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Audacy Mulls Legal Action Over ‘Bankruptcy’ Blog Post

The author defends the article, saying it is based on a four-year-old memo.

Radio and podcast giant Audacy, Inc. is considering taking legal action against a New York University professor over a blog post that stated Audacy’s chief executive confirmed the company is bankrupt, according to an internal memo seen by Billboard.

In the memo, Audacy chairman and CEO David Field said the post’s headline — “David Field Confirms Audacy’s Bankruptcy” — was false. The article, written by Jerry Del Colliano, was published Tuesday on Del Colliano’s website, Inside Music Media.


“That statement is categorically and unequivocally untrue,” Field wrote in the memo, which was verified by a spokesperson. “Audacy intends to pursue all applicable remedies for false and defamatory statements meant to cause damage to Audacy, its employees and its stakeholders to the fullest extent of the law.”

The company posted a similar statement on its official Twitter account on Tuesday. A spokesperson for Audacy declined to comment beyond those two statements.

The pandemic and the current uncertain economic outlook have impacted Audacy’s advertising revenues, Field said on a recent earnings call. The company recently completed a round of layoffs in which the company let go of around 5% of staff.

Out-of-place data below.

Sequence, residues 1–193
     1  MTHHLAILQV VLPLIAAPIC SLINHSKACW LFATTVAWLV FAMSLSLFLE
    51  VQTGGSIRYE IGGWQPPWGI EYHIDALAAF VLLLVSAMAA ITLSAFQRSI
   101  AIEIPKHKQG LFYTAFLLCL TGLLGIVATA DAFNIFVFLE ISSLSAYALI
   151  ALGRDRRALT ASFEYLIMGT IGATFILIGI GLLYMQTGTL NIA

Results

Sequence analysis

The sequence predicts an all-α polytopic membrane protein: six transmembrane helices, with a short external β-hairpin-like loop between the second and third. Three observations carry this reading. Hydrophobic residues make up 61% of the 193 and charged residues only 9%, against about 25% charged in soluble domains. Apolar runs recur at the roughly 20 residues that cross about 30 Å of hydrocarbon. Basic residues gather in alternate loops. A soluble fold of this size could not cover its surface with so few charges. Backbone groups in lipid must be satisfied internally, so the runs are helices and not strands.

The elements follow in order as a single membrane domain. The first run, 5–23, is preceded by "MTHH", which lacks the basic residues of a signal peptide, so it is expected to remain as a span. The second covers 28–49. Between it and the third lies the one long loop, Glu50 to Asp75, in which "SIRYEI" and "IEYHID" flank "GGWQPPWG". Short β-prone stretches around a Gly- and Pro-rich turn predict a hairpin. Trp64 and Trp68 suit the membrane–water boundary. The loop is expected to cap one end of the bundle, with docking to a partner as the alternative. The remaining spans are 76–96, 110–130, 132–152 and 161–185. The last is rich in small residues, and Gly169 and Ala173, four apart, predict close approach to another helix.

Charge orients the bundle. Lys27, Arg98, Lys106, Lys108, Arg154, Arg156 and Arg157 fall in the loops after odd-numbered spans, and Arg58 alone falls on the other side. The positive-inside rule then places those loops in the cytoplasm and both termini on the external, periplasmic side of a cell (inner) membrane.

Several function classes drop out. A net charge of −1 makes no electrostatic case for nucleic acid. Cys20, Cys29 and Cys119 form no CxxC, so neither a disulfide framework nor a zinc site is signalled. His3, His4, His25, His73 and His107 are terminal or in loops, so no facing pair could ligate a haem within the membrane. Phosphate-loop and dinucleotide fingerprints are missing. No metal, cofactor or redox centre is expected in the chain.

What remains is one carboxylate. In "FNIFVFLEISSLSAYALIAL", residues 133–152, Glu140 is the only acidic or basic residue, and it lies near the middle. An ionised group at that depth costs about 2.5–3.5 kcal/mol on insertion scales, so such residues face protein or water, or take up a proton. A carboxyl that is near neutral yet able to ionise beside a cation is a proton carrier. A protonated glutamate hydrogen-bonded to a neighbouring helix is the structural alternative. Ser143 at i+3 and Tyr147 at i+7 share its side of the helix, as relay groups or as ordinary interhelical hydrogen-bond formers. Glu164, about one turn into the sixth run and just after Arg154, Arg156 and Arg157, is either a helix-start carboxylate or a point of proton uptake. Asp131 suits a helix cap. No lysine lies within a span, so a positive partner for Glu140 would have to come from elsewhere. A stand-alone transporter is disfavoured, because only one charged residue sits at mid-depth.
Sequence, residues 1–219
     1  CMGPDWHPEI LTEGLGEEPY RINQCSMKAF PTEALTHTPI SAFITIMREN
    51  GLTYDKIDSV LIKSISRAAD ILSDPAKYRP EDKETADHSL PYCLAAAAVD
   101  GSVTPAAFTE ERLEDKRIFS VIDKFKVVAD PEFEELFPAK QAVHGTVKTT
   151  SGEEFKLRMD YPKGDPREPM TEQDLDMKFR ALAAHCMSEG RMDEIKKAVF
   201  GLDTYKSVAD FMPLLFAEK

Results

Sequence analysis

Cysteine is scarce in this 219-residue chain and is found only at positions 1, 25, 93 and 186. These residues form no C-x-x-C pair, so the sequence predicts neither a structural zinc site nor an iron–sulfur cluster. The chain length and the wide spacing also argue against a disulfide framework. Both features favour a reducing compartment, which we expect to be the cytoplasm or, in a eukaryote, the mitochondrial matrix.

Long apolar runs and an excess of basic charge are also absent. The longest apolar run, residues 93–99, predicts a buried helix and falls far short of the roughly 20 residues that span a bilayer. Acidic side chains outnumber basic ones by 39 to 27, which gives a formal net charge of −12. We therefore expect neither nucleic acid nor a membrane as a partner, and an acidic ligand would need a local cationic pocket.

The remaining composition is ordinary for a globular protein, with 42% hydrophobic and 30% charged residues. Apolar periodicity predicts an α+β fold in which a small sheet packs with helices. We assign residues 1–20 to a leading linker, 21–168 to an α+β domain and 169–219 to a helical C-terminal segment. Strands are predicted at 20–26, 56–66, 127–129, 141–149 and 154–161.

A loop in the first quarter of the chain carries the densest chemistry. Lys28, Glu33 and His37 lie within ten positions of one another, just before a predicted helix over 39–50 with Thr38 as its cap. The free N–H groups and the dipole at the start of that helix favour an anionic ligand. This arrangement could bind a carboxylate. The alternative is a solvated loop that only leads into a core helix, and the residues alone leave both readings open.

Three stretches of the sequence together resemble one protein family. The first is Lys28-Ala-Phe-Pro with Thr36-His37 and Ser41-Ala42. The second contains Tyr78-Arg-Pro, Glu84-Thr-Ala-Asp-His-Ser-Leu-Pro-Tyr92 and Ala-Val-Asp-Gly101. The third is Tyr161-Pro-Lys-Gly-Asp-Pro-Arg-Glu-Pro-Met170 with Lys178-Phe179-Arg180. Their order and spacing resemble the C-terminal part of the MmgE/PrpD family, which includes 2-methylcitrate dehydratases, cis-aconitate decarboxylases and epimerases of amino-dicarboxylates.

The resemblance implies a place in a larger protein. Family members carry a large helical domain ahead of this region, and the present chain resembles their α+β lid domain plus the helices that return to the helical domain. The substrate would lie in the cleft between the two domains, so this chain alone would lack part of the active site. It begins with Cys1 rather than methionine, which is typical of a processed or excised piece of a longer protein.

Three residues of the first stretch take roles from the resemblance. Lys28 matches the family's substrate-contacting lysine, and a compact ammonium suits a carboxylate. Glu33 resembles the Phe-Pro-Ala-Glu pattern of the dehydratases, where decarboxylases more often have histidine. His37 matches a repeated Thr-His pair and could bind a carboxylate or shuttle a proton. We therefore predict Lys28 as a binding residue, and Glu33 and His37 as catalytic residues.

Collectively, the stock prices of the four radio companies—iHeartMedia, Audacy, Cumulus Media and Townsquare Media– suffered during the market downturn in the first half of the year, losing an average of 48.9%. iHeartMedia and Audacy dropped 62.5% and 63.4%, respectively. Cumulus Media, which rejected a takeover bid in May, and Townsquare Media fared better with declines of 31.3% and 38.6%, respectively.

Del Colliano defended his article, saying it focuses on a memo Field wrote in 2018 about the bankruptcy of iHeartMedia.

According to the memo, which Del Colliano links to in his article, Field wrote that iHeart and Cumulus Media “made ill-advised decisions to place too much debt on their companies.”

“The best defense is the truth, and I’ve got the truth,” Del Colliano, a professor in NYU’s Steinhardt Music Business Program, said. “He’s got a poorly performing company confirmed by their stock price, their approximately $1.8 billion worth of debt, their inability to equal the revenue pre-pandemic, and the churn they have in the company in terms of employees leaving on their own.”

In the early 2000s, Del Colliano was sued by Clear Channel Communications in federal court in Manhattan over articles published on his platform Inside Radio. Del Colliano countersued, and the matter was eventually settled out of court in a deal that involved Clear Channel acquiring Inside Radio for an undisclosed sum.

Were this new matter to go to court, Del Colliano said, “all we have to prove is that we put the story in there and tweeted it, and people can read it themselves.”